Paulo and Josane from Campos, invited us to ride back with them and spend the night at their place. We took our time and spent the afternoon riding along the coast, stopping at some of the beaches and small towns. It was dark by the time we got onto the main highway and it was a scary 90 minute ride to the outskirts of the city. After 2 months here in Brazil, I am still surprised how friendly and welcoming the people are to Viajeros, when was the last time a perfect stranger invited you to stay in their home? A rare occurrence in Europe for sure. Riding a motorcycle makes a big difference though, it opens many doors that would otherwise stay closed.
A few days later we were at the beach again. After the busy Bikefest weekend, it was time to relax, we ended up in the small seaside town of Conceicão de Barra just north of Vitória. It was a quiet little place, perfect to unwind for a day or two, the highlight of the day; watching the sun set over the fishing boats in little harbour.
We did manage to tear ourselves away long enough to visit the huge sand dunes at Itaúnas, a dirt ride away. You’re not allowed to ride on them, much to Arno's disappointment, but spectacular nonetheless.
Riding inland once again, we took the smallest roads, many of them dirt, taking us through small villages and the mountain roads. There were many mines and quarries to be seen in this area, and we met many trucks taking huge chunks of stone to factories further afield.
The trucks had to use these bridges too!
The colonial mining towns of Ouro Preto, Tiradentes and São João del Rei kept us busy for a few days, on our way towards Bolivia and in Campo Grande, we did some maintenance on the bikes and put on the new tyres.
West of Campo Grande is the area known as the Pantanal, a huge wetland that is full of wildlife. A dirt road branches off into the Pantanal from the main road to Corumbá and we decided to use this and do some of our own exploration instead of taking a tour.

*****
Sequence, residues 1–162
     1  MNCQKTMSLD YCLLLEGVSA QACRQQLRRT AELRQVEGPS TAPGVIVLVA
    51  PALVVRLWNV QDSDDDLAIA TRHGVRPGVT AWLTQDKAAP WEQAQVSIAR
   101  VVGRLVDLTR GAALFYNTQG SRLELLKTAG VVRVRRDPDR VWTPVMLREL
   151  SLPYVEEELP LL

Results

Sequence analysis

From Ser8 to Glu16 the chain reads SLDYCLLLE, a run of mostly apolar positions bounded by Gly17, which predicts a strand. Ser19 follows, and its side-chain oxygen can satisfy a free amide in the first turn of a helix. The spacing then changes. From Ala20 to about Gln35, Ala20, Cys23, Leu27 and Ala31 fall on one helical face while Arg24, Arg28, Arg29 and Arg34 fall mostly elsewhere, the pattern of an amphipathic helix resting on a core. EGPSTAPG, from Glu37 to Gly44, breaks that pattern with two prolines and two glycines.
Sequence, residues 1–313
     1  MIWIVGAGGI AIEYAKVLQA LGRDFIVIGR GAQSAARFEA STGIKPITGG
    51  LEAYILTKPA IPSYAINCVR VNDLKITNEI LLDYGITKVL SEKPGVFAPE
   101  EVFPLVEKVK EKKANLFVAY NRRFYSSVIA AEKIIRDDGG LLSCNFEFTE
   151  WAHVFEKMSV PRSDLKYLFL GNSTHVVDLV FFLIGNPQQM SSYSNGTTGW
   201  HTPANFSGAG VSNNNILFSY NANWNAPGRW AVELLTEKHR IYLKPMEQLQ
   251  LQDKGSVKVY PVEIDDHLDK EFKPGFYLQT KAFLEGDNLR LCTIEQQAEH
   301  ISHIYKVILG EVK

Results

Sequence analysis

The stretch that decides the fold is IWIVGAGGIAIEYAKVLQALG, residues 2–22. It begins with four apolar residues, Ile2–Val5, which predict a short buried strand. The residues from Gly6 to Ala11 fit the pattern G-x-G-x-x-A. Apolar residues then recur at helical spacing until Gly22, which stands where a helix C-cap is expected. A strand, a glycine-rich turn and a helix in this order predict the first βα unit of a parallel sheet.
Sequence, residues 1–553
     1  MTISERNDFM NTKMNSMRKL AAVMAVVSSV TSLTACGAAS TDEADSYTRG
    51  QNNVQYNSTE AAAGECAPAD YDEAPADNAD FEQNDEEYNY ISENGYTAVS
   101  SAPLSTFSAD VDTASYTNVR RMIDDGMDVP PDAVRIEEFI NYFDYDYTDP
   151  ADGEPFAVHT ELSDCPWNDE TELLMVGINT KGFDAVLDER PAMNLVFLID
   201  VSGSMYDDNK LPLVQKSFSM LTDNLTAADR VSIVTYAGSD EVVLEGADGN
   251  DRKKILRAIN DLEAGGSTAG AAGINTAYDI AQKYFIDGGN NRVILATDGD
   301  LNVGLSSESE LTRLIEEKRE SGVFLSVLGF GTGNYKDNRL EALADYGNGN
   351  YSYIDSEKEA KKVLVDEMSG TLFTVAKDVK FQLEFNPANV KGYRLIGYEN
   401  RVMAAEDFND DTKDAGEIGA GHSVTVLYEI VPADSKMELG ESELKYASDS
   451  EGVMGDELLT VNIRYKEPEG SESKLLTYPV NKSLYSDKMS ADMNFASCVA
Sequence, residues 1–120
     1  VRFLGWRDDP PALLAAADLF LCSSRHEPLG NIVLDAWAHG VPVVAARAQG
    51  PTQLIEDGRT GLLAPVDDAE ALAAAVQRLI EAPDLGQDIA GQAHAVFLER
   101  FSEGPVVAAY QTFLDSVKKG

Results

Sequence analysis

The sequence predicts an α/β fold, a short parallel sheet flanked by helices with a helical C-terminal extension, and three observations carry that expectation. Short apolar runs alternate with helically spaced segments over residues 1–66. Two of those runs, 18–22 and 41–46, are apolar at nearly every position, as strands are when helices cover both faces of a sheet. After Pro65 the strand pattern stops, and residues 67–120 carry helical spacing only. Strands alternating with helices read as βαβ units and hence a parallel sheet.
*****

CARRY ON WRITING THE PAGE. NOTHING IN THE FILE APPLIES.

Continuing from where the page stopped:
The paved road from Campo Grande to Corumbá skirts the lower part of the wetland and, after passing through the town of Miranda, the wildlife began to appear. Jacarés (a medium sized crocodile) were basking in the sun on the edges of waterholes and the amount of bird life increased dramatically. We got to the turn off to Passeo do Lontra at the same time as one of the tours, they had spent 3 days in the Pantanal. We chatted to the guides and asked about the roads and the ferry across the Rio Negro. We had been told various tales, but they said that the ferry was running, despite the higher than normal water levels and that the road was a little muddy after the recent rains.
The road was indeed pretty dry and it was fun, riding around the mud holes, glimpsing various wildlife. At Passeo do Lontra, we stopped to get a few extra litres of fuel, the sun was beginning to redden, so tempting as it was to keep riding, we decided to stop at the campsite there. A good decision, we later found. The campsite was part of a hotel complex, all suspended on wooden walkways above the swampy ground, even the camping area was a wooden platform. As we carried our stuff across the bridge – no bikes allowed! – the wildlife was also preparing for the night, not exactly peacefully either.
Capybaras were snuffling in the swamp, birds were twittering in the eaves, monkeys were chattering in the trees above our tent and of course the mossies were making their presence felt.
The next morning we were up early, along with all the other local inhabitants. The birds came for their morning feed and the monkeys, still above our tent completed their morning grooming and crapping rituals. Lesson learned; never camp under a troop of monkeys!!
We made an early start, hoping to be at Porto Manga and the ferry by late morning, the road however had other ideas. It lay much lower than before and so was wetter and muddier, in most places there was a dryish track to ride on but at times water covered the road and there were a few long stretches of mud to negotiate.
This isn’t going to go any longer is it?
Now mud and my bike don’t get along that well and I am the one that ends up on the floor, only twice today though, it could have been a lot more!!
A little frustrated?
The compensation however, was the wildlife, hundreds of Jacarés, a couple of deer, lots of capybaras (a strange dog sized aquatic guinea pig), thousands of birds and my favourite, the giant anteater, who was strolling along the side of the road.
Capybaras look on as Arno slithers through
We reaches Porto Manga around lunch time to find the ferry waiting to leave, what good timing! Just had to manoeuvre the bikes up a temporary gravel ramp and we were across the swollen Rio Negro in no time. The road didn’t get any better and we slithered our way through the mud for the rest of the afternoon until the road took us back to tarmac just before Corumbá our last stop in Brazil.